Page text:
Mt. Giona (see map above) lies in Sterea Ellada a.k.a. Central Greece a huge area, stretching from the Ionian Sea in the west, all the way to the Aegean off the east coast of the long island of Evia (Euboea) to the east of Attiki (Attica).
Inbetween Parnassos on the east and Vardousia on the west, Mt. Giona is higher than Parnassos, at 2510 meters (8233 feet), and though one of the most ecologically significant mountains in Greece, is known mostly to walkers, to local Greeks, and to ornithologists (being a major bird site). Grazing on this mountain is quite intensive, but worse is the bauxite mining.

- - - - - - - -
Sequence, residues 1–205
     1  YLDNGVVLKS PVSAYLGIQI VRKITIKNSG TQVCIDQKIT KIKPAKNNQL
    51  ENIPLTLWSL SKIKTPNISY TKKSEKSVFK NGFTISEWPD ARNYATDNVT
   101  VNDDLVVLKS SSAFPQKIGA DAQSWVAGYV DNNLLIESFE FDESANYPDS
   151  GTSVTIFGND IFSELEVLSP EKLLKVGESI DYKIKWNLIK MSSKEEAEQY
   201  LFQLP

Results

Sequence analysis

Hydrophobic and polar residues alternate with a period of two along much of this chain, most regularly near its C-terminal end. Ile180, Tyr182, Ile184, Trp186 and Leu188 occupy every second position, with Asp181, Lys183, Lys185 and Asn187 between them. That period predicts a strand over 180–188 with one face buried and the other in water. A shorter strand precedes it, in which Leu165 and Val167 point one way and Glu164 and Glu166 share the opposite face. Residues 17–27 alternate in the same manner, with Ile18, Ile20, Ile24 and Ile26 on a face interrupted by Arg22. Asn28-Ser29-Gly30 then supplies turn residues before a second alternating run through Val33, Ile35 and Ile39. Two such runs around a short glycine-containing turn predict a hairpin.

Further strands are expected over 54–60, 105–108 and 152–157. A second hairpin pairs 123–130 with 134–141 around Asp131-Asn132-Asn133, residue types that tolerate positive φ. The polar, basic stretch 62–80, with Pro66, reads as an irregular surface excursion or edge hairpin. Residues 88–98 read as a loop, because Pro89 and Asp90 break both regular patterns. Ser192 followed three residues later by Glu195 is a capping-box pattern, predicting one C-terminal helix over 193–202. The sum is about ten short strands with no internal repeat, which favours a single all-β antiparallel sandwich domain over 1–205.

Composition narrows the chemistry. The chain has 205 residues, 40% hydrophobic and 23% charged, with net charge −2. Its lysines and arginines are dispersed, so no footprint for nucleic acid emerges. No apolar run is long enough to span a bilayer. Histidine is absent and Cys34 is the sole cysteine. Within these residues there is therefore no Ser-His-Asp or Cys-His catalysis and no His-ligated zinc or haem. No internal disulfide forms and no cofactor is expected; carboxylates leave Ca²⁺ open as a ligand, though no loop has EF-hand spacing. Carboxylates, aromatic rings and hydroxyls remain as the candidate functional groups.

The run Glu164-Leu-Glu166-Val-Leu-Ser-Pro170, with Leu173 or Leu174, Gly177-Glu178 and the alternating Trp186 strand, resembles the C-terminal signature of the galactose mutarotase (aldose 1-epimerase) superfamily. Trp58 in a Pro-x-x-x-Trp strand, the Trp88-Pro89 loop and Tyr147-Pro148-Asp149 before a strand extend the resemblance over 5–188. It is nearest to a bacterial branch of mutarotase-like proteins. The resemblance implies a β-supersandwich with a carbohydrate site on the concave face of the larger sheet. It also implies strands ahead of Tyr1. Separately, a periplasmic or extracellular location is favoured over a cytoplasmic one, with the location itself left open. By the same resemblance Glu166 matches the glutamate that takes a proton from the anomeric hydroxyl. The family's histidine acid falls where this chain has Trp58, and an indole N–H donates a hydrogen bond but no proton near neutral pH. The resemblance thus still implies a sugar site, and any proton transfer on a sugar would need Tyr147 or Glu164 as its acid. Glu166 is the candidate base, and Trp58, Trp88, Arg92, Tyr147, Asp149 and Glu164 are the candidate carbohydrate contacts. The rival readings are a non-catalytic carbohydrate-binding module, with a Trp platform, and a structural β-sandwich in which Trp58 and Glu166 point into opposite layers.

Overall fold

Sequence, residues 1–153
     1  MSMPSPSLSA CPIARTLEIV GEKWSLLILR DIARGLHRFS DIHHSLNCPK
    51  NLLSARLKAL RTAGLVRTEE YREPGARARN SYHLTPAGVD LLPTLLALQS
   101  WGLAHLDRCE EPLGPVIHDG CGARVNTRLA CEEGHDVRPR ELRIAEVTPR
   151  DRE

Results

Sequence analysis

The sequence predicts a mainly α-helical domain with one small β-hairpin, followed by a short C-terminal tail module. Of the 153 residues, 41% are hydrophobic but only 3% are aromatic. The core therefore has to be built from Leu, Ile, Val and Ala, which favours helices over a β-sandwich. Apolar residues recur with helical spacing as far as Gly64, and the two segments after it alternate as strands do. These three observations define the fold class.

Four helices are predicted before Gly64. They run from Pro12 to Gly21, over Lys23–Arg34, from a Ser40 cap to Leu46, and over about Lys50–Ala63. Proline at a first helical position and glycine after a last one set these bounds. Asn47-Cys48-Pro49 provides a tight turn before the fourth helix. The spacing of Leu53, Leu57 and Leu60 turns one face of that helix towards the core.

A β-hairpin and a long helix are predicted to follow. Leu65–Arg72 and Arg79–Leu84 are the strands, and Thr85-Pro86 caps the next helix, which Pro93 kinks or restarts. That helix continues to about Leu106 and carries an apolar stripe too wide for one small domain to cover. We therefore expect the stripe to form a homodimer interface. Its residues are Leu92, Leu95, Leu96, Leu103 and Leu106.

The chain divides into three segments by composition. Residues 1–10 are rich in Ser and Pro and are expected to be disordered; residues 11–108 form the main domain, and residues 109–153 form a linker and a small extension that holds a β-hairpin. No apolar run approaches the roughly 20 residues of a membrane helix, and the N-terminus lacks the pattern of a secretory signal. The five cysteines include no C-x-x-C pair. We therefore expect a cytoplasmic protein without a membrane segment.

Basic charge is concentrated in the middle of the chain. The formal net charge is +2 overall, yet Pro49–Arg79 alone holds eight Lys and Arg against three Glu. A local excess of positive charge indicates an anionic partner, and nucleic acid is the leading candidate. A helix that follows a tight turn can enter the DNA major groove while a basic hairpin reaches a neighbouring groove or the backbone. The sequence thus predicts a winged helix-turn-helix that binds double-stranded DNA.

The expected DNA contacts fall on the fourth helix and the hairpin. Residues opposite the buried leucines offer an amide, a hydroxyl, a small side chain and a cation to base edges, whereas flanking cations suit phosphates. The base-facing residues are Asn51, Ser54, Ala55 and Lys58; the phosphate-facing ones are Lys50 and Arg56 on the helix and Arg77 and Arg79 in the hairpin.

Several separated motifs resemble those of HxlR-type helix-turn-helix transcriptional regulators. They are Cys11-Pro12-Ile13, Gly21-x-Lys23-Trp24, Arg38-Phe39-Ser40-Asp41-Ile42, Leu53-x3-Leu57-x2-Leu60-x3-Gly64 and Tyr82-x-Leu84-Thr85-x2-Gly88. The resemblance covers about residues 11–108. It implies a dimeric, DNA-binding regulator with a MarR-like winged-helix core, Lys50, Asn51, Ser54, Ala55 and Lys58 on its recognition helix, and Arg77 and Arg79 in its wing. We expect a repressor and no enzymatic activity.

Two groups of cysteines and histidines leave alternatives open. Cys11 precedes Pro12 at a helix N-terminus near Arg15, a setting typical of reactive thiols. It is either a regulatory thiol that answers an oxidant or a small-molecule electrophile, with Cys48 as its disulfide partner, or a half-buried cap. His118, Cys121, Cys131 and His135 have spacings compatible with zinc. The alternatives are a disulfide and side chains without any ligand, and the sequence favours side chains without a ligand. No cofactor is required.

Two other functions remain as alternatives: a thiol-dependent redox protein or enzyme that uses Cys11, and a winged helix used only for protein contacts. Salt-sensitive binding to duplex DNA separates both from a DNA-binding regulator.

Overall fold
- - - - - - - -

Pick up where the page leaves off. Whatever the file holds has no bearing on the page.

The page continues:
Still, there are vast forested areas, Greek fir dominating, and also broad-leaved beech, eastern hornbeam and maple. More orchids are found in the mountain's lower reaches than on Parnassos; in higher areas flora is quite rich, with an endemic cinquefoil; at high altitudes are found more endemics. Butterflies are abundant in the high pastures and in forest clearing.
Eagles and peregrines are found on Giona, and griffon vultures breed on the sheer Plaka Cliff to its west. Eagle owls and at least three kinds of woodpeckers are among the many birds found in the forest here. There is a good walking path onto Giona from Sikia, to the west; driveable dirt roads lead from Kaloskopi.